As Fidel Castro and his Cuban revolution fade, is Cuba rising?
Seismic changes in the communist economy built by Fidel Castro are enriching some Cubans, scaring others, and sparking imaginations: Will the Caribbean gem shine again?
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And that is why US policy on Cuba hasn't budged. The US embargo, imposed nearly 50 years ago, has been supported by 11 American presidents. And while the Obama administration has relaxed some rules, such as remittances and travel to Cuba for Cuban-Americans, the president has barely responded to both Cuba's release of political prisoners this summer – the largest in more than a decade – and the more recent announcement that some free markets will be tolerated. Despite growing pressure from some lawmakers, the US maintains its longstanding demand that free and fair elections and freedom of expression be implemented before American policy will shift radically.Skip to next paragraph
In Pictures Cuba Economy: glimpses of a new order
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If the past is any indication, Cubans, analysts, and US officials are right to be skeptical about the staying power of experimentation in Cuba. In the early 1990s, known as the "special period," after the collapse of the Soviet Union, which in turn took down the Cuban economy, the Castro government grudgingly allowed some small businesses to emerge. Many of those reforms were rolled back in the late 1990s and early 2000s, after other players such as Venezuelan President Hugo Chávez stepped in with subsidies.
During the "special period," more than 200,000 Cubans were registered as self-employed; today Cuba counts 143,000 such licenses. Many of the new establishments, such as paladares, small restaurants usually off the side of a private house, were so tightly controlled that many never had a chance to survive. Part of the problem was that the very concept was anathema in a country whose motto, sprayed across billboards, is "socialism or death."
In a scathing piece last year, Cuban blogger Yoani Sánchez, whose blog Generacion Y openly criticizes the government, detailed the case of Huron Azul – a well-known restaurant shut down, she wrote, for: "Selling prohibited food such as lobster and beef; having more than twelve seats in the restaurant; giving credit to the painters to eat there; becoming a patron of the arts; paying a huge electricity bill; having a lot of cash; and – what nerve – wanting to open a restaurant in Milan."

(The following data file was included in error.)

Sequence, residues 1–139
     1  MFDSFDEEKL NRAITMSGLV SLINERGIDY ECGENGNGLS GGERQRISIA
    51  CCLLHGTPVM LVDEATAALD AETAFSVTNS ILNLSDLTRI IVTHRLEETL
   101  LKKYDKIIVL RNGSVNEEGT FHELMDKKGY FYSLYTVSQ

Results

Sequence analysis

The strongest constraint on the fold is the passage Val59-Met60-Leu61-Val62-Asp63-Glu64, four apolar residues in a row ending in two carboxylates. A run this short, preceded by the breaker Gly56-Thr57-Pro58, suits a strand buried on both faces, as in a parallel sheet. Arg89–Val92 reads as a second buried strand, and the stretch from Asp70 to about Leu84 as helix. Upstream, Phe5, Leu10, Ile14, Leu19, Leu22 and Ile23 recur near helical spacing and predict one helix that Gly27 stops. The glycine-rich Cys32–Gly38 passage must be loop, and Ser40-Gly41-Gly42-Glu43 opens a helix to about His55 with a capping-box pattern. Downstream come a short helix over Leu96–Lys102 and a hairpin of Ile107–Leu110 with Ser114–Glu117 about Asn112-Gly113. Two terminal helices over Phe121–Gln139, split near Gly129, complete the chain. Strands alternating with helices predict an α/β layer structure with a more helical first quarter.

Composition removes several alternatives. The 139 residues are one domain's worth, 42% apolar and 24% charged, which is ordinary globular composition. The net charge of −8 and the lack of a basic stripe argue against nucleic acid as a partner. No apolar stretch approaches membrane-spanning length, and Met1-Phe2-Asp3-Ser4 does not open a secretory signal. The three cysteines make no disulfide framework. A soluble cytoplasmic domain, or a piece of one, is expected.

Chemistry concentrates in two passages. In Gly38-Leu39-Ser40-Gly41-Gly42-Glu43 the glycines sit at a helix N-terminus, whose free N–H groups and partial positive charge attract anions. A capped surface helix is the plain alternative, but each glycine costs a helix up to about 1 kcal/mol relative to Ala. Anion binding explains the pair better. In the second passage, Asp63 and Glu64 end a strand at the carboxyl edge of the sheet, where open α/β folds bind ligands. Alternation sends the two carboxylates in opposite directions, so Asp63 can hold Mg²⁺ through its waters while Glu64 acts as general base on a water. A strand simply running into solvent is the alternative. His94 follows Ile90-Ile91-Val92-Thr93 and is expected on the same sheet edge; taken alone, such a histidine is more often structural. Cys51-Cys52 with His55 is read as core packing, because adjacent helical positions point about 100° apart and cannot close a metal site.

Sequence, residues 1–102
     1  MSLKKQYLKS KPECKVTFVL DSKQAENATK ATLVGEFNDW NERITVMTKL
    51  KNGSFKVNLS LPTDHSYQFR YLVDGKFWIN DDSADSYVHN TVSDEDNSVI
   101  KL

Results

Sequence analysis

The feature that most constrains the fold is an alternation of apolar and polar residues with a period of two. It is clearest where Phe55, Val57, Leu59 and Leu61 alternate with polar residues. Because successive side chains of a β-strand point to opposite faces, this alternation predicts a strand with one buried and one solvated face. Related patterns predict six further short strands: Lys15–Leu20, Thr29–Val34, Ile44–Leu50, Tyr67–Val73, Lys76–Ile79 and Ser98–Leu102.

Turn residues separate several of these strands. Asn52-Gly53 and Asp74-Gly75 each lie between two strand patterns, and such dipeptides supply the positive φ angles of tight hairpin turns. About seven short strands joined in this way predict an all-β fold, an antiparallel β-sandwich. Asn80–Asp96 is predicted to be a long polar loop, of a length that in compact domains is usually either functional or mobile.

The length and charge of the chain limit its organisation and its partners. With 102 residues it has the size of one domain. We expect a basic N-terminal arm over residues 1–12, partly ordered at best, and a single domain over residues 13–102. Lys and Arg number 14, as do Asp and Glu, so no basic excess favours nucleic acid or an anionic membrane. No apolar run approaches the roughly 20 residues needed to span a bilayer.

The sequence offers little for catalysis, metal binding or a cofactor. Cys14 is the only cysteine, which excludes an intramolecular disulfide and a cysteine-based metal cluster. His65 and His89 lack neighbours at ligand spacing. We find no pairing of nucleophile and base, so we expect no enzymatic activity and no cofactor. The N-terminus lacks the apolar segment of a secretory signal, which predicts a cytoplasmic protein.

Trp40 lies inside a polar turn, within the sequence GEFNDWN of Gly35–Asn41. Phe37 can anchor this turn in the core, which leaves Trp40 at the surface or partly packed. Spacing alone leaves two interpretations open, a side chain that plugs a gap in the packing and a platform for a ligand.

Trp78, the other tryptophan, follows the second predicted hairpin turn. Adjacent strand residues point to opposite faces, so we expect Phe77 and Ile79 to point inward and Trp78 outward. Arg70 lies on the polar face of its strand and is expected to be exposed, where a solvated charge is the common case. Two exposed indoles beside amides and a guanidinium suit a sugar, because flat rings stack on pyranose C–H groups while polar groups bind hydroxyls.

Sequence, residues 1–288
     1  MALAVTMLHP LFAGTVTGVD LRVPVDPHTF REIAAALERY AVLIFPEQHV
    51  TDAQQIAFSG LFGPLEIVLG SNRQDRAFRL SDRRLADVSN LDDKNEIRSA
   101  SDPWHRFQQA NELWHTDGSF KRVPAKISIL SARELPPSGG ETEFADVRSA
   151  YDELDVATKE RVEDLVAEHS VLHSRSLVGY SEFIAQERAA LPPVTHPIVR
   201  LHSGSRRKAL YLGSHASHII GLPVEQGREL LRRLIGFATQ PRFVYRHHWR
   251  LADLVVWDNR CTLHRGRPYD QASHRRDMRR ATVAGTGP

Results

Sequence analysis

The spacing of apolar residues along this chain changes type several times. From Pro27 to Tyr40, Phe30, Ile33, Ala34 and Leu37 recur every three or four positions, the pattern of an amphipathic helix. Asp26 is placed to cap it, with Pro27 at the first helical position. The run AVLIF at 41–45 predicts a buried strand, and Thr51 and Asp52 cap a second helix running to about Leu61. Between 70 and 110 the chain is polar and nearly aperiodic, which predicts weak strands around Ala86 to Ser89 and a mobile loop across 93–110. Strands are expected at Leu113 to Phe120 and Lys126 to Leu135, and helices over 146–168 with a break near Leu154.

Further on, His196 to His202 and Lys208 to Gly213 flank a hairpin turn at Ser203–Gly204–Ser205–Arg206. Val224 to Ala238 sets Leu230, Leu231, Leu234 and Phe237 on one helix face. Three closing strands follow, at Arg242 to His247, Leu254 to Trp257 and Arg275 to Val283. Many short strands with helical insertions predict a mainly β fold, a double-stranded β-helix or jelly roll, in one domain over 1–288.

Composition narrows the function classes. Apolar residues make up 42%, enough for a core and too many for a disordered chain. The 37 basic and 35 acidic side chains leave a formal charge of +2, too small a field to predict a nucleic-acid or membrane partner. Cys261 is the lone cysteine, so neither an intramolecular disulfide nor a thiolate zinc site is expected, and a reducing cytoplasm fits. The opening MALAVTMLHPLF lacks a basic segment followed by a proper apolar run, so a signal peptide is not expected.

But many suspect Raúl Castro is finally fully exercising his reputation as a pragmatist, ready to usher in change. "There was drive [in earlier reforms of the 1990s] done out of necessity and mostly against will," says Paulo Spadoni, an expert on the Cuban economy at Augusta State University in Georgia. "What differs from previous attempts is the guy pushing reforms [now] isn't the same guy pushing reforms [during the 'special period' of the early 1990s]. Now they're pushing for reforms because it's exactly what they want to do. It is a signal that those reforms are here to stay."
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Many Cubans, like Santana, the barber, are ready for change, to be their own boss. His shop sits in the middle of a bustling office complex. No sign advertises the shop – such investments are still prohibitive. The tiny space, 20 feet by 13 feet, is simple: white walls, with a floor-length mirror in front of a single barber's chair. A cement table in the back holds all of his cutting tools.
Santana says that, except for the $40 in rent and tax he pays to the government, he gets to keep the full 50 cents he charges for a cut. "It gives me a better margin of earnings to feed my family," he says, noting that his grown twins still live with him. This, he says, is "the best thing that could have happened."